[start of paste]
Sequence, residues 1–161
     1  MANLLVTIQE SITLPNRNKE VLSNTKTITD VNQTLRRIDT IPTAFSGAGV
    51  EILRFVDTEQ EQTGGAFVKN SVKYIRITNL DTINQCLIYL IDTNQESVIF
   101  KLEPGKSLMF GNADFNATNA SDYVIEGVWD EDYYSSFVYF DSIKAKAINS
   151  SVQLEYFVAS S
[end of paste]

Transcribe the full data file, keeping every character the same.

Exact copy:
Sequence, residues 1–161
     1  MANLLVTIQE SITLPNRNKE VLSNTKTITD VNQTLRRIDT IPTAFSGAGV
    51  EILRFVDTEQ EQTGGAFVKN SVKYIRITNL DTINQCLIYL IDTNQESVIF
   101  KLEPGKSLMF GNADFNATNA SDYVIEGVWD EDYYSSFVYF DSIKAKAINS
   151  SVQLEYFVAS S